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PARIS — The inaugural summer edition of the Premiere Classe and Eclat de Mode–Bijorhca accessories and jewelry trade fairs here saw brands grappling to be ready for the earlier time slot.
However, they were rewarded with buyers caught earlier in their seasonal buying missions. The shows ended their four-day runs on July 3.
Timed to coincide with the Paris men’s and couture shows, the shift in timing from September got the thumbs-up from international buyers, with deliveries also being pushed forward from late October to early September.
At Premiere Classe, light pastels inspired a springtime mood. Triangular Aztec designs in jewelry and bags, alongside large beaded necklaces, gave an ethnic aesthetic, while bow-tie motifs, dark sequins and sparkly fabrics hinted at a mood for glitz.
Functional purses on body-crossing straps or chains outnumbered oversize bags. Statement jewelry in glass, acrylic or fabrics was on offer, although overwhelmed by an abundance of fine chain or string bracelets and delicate graphic pendants in gold or silver.
U.S. leather goods brand Rebecca Minkoff saw showing at the fairs as an opportunity to grow brand awareness abroad. “We are looking for Middle Eastern customers, and this is where we reach them,” said Alicia Bilbao, international sales and business development director, as she awaited a meeting with Galeries Lafayette.
Miyuki Toshima, buying for Japanese chain Hélipôle, was looking for small, light “easy to carry” leather bags, and big chunky jewelry.
Rhona Blades, owner of the nine-unit U.K. chain Jules B, was looking to boost her accessory offer to feed the store’s burgeoning online sales, which have grown to account for 60 percent of turnover. “Accessories work well online,” she said. “And at least [with the trade show date change] you have a bit of money in your pocket to spend.”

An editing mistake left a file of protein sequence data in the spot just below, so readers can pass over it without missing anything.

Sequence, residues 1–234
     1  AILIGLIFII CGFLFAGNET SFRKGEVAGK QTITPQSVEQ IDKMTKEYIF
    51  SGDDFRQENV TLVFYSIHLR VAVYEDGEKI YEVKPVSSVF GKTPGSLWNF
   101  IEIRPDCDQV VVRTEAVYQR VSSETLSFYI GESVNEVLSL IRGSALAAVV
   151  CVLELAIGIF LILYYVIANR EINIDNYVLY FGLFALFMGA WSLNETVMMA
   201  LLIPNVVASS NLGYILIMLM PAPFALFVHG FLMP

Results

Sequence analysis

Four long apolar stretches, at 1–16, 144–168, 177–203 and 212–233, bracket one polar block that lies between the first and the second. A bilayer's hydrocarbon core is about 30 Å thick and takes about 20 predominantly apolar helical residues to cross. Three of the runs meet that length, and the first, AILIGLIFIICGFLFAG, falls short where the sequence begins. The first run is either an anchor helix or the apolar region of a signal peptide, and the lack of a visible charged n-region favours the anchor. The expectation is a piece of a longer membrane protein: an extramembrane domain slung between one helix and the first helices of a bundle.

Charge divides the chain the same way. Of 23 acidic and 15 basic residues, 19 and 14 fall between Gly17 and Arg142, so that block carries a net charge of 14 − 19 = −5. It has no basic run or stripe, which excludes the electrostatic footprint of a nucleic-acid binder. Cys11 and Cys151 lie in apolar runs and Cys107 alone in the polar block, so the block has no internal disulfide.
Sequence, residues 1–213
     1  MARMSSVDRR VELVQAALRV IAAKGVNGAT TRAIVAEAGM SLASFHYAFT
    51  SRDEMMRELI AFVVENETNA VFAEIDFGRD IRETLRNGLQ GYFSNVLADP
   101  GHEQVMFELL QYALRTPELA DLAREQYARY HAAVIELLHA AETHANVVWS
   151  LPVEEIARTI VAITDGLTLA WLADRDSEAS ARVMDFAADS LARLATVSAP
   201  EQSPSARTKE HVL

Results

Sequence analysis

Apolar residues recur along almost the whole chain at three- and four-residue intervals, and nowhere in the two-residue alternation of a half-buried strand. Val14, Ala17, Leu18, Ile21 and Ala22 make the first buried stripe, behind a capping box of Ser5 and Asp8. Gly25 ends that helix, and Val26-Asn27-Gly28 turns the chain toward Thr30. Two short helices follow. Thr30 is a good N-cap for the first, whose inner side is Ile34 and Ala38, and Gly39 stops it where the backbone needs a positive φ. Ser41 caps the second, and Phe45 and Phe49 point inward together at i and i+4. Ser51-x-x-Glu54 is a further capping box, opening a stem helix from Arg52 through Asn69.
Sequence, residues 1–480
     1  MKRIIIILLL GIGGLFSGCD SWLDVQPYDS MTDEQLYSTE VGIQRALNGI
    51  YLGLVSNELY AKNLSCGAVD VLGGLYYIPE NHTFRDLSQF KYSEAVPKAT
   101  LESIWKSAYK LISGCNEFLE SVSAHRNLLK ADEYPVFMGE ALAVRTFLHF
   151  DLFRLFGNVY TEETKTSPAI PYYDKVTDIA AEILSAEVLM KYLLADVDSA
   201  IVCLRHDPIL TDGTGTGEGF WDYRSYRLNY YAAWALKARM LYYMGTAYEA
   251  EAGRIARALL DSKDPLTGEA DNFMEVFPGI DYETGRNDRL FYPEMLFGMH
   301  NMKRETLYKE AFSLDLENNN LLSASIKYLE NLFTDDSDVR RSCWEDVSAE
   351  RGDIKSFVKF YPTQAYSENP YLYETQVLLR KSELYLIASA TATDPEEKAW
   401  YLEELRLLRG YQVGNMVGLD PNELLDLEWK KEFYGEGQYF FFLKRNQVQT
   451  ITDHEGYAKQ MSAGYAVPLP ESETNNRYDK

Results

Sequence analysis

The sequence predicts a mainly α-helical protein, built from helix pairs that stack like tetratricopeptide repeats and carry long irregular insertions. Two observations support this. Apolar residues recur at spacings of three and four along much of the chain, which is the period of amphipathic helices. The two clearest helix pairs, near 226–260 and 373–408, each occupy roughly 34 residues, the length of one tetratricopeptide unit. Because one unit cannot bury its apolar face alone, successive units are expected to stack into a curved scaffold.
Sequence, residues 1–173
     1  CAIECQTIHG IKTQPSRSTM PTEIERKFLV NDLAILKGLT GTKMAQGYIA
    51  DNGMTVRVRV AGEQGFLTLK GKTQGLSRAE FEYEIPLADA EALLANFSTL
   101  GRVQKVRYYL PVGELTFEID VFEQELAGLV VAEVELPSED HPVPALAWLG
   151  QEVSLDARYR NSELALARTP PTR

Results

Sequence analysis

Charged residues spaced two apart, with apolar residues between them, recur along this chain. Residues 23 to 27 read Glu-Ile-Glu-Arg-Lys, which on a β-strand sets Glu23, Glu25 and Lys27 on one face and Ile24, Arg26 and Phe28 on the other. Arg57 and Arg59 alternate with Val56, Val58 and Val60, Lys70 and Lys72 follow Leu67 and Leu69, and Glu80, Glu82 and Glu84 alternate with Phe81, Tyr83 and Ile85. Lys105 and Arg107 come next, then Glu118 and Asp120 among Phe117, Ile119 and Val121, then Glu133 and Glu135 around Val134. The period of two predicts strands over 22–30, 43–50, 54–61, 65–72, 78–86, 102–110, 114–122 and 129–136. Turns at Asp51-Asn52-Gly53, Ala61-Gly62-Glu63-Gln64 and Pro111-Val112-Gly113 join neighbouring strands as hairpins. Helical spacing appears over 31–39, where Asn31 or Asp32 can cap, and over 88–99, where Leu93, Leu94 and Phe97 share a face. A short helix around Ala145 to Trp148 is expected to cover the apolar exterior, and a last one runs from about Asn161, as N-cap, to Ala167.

Eclat de Mode–Bijorhca was dominated by fine, delicate pieces, with myriad variations on the Brazilian-style string bracelet adorned with mini charms. The trend flowed into the fair’s Precious section, which houses gold and silver brands, accounting for 40 percent of exhibitors. This daintiness was offset by a selection of statement pieces.
“It’s a good place to get ideas,” noted Hilary Foster, chief operating officer and creative director of fashion jewelry retailer Scamp and Scoundrel, launching in September as a new division of U.S. retailer Ultra Diamonds. She admired the acrylic oversize cuffs of French designer Jean-Marie Poinot. Scamp and Scoundrel will propose a more affordable fashion offering, whereas Ultra Diamonds specializes in classic diamond jewelry and timepieces.
Daniel Marks, Ultra Diamonds’ chief executive officer, was shopping with a budget up 10 percent on year. He cited watches, men’s and wedding jewelry as growing categories.
Layered, adjustable and stackable pieces, such as stack rings from French brand Milligram, represented a strategy to navigate the challenge of ever-rising gold and silver prices.
Identifying forest animals as the up-and-coming trend motif and porcelain as the new “It” material, Natalie Lacroix, head buyer from Paris department store Franck et Fils, said: “All the department stores have the same strategy at the moment: Increase budgets for existing brands, while reducing the assortment of brands in store.” Lacroix reordered with brand La Brune et La Blonde, which offers single diamonds attached to a fine chain without a setting.
Retail prices range from $632 to $3,162. Co-owner Véronique Tournet said the next collection would bump up prices using bigger stones, to compete with the big brands.
U.S. brand Nakamol, whose best-selling crystal-incrusted leather wrap bracelets retail at $72, attracted the crowds.
“European buyers are here,” owner Nakamol Sussman said, “but they want to buy at a low price, lower than $32 [per piece].” It was a requirement she could meet, recently replacing Swarovski Elements with those sourced from the Czech Republic.
The use of porcelain was cleverly exemplified in miniature doll pendants by French designer Natacha Plano. The designer had struggled to be ready on time, yet appreciated the date change for the long term.
It was a sentiment shared by Eclat de Mode–Bijorhca’s codirector and artistic director Richard Martin, who noted an advanced delivery date creates the possibility of repeat orders for the Christmas period. Eclat de Mode–Bijorhca is set to change its name to Bijorhca Paris from its next session in January 2013.